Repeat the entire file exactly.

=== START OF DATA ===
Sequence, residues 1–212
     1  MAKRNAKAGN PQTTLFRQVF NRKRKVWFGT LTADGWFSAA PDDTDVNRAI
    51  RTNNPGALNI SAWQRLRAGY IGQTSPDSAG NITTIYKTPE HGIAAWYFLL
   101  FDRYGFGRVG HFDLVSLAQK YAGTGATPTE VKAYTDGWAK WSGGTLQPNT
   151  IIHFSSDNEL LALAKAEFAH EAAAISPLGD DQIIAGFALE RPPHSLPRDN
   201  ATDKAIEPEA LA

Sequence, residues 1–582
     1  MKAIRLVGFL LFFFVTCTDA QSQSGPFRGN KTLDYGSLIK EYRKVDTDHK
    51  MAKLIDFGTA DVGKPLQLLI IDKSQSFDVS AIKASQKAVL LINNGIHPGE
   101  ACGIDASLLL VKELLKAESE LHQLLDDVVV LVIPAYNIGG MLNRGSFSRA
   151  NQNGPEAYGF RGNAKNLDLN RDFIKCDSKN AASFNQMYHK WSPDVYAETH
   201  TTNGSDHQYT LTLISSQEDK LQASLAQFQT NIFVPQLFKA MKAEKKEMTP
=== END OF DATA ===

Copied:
Sequence, residues 1–212
     1  MAKRNAKAGN PQTTLFRQVF NRKRKVWFGT LTADGWFSAA PDDTDVNRAI
    51  RTNNPGALNI SAWQRLRAGY IGQTSPDSAG NITTIYKTPE HGIAAWYFLL
   101  FDRYGFGRVG HFDLVSLAQK YAGTGATPTE VKAYTDGWAK WSGGTLQPNT
   151  IIHFSSDNEL LALAKAEFAH EAAAISPLGD DQIIAGFALE RPPHSLPRDN
   201  ATDKAIEPEA LA

Sequence, residues 1–582
     1  MKAIRLVGFL LFFFVTCTDA QSQSGPFRGN KTLDYGSLIK EYRKVDTDHK
    51  MAKLIDFGTA DVGKPLQLLI IDKSQSFDVS AIKASQKAVL LINNGIHPGE
   101  ACGIDASLLL VKELLKAESE LHQLLDDVVV LVIPAYNIGG MLNRGSFSRA
   151  NQNGPEAYGF RGNAKNLDLN RDFIKCDSKN AASFNQMYHK WSPDVYAETH
   201  TTNGSDHQYT LTLISSQEDK LQASLAQFQT NIFVPQLFKA MKAEKKEMTP